Posted by Editor on 01/4/11
When we were putting together our list of candidates for the 2010 Canadian Cyclist of the Year awards, we began to realize that 2010 was an exceptional year for Canada in cycling.
The list of accomplishments was impressive and broadly-based across disciplines - here are just some of the highlights:
• 4 world titles in 3 disciplines - Para (Road), Track, Mountain Bike (Downhill)
• A World Cup title and 2 World Cup wins in mountain biking (cross-country)
• Multiple podiums in both Downhill and Cross-country
• A rider finishing top-ten in the Tour de France and ranked 8th in the world
• Two riders ranked in the top-100 of the ProTour rankings
• Multiple Para-cycling medals at Worlds
• Canada's first Pro Continental team formed
• Two world championships held in Canada
• Two ProTour races held in Canada
So, we asked ourselves the question: Is 2010 the best year ever for Canadian cycling?
There have been other years of exceptional accomplishments by Canadian riders - Steve Bauer, Alison Sydor and Roland Green are three athletes that easily come to mind. But that was one rider having a stellar season, not many riders having strong results across multiple disciplines.
The one year that could possibly challenge 2010, to our minds, was 1996, when Canadian riders won five medals at the Atlanta Olympics across three disciplines.
We asked some of the most knowledgable people from the Canadian cycling community, whose involvement spans the last three decades, what they thought.
Louis Barbeau, Executive Director of the FQSC and President of the UCI's Para-cycling Committee, commented:
It is hard to compare years, as the context is very different. The results in 1996 were unexpected to some extent, whereas those of 2010 are possibly more the result of a system built over the years. By this, I mean that the results were less of a surprise to me. I also believe that we should be doing well in the years to come. I think that the training centers and the international events held in Canada these last years have had a significant impact.
Jacques Landry, former pro rider (and member of the 1996 Olympic squad) is now the Director of High Performance for the Canadian Cycling Association.
From my recollection, 2010 has been one of the best years Canadian cycling has had in quite a while.
As an athlete having competed in 1996, I can say that the year of the Atlanta Olympics was a great one for Canadian cycling as well. However, while I can only speculate at this point, I would say that success in 1996 was greatly based on a few extraordinary athletes that, [despite a] lack of adequate funding and therefore support, were still able to prosper with great performances.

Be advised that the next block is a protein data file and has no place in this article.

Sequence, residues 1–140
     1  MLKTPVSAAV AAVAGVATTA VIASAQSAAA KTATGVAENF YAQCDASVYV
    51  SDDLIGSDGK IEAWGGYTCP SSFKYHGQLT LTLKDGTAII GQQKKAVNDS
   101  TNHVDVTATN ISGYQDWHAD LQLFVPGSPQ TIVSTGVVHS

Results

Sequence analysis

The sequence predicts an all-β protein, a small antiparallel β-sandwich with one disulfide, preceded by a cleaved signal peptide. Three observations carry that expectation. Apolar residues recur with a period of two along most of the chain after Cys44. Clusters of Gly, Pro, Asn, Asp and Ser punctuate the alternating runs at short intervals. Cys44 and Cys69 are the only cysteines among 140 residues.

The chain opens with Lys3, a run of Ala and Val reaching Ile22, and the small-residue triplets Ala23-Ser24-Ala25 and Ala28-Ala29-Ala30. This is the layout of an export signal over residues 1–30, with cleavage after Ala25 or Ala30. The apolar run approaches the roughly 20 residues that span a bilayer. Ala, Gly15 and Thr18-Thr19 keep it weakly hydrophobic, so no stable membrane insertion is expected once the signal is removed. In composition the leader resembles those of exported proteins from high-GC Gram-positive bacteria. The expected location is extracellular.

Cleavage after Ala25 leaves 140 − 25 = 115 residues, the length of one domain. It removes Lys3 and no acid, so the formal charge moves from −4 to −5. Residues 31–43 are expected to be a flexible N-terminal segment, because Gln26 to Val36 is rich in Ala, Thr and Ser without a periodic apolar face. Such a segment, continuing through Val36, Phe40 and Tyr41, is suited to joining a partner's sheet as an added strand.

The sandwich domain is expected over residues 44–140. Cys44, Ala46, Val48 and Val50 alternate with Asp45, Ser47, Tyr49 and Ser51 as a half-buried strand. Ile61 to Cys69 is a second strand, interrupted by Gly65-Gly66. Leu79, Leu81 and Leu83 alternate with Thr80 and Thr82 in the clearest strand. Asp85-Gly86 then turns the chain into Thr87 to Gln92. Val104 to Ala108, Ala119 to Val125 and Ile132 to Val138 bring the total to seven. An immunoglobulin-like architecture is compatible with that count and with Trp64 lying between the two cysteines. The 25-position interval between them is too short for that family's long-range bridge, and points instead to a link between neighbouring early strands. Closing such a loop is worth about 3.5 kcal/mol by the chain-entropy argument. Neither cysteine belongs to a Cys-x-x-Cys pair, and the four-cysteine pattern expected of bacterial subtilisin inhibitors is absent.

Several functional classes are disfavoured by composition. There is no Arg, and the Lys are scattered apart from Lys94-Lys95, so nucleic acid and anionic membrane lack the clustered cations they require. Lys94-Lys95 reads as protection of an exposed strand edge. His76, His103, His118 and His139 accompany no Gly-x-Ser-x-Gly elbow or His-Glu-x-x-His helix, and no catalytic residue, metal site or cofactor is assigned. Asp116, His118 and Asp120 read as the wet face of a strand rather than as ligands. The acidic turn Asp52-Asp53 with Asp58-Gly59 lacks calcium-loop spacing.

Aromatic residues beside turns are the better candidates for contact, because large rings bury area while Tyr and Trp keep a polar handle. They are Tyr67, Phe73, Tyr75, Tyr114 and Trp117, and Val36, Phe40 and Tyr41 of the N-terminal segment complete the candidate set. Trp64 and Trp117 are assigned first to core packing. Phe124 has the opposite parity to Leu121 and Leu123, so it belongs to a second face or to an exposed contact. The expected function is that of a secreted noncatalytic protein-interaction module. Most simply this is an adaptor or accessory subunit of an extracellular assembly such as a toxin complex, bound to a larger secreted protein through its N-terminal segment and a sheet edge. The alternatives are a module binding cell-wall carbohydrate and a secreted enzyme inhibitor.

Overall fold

In the last few years, thanks greatly to Own the Podium and Sport Canada, we, as a national association, have been able to put in place a system that better supports our athletes where we feel the Olympic medals lie. The system now in place due to adequate funding has permitted us to employ top level coaching, administration and support staff that are able to offer proper project support, better directed funding where it is the most needed with regards to our strategic objectives as well as become more communicative with all of our stakeholders.
That said, while we have talented athletes like Tara Whitten, Catharine Pendrel, Ryder Hesjedal, and Robbie Weldon and Lyne Bessette that are able to be at the top of their international "game", their success is not only due to their raw talent but also due to a system that has been put in place to nurture and promote that talent.
Every year since we've restructured the CCA we've been able to show improvement through results, due to our talented athletes and the systems in place to support them, and we will continue to increase the support to our top tiered athletes leading into London, with hopes that additional funds like what we are seeing from B2ten will come soon to better support our 2016 and 2020 athletes.
All in all, from a High Performance Director standpoint, the CCA is in the business of developing international excellence and promoting the belief that Canada is a major international medal contender in all cycling areas. The Vancouver Winter Olympics started our nation believing that we are a sport nation and, with all of us being part of the cycling community, it is our responsibility to carry this belief to Canada being a "cycling nation"!
Steve Bauer, one of the greatest cyclists this country has ever produced, and the co-owner of Canada's first Pro Continental team (SpiderTech Powered by C10), also agrees that 2010 is just the start of something big for Canadian cycling:
With those results I would back your claim as 2010 best year ever but, then again 96, was very hot too for the Olympics. Best position would be, best ever since 96!! As for the future, I can only say we are doing our part, so I see a positive future.
How about you? How does 2010 stack up? Register your choice Here.
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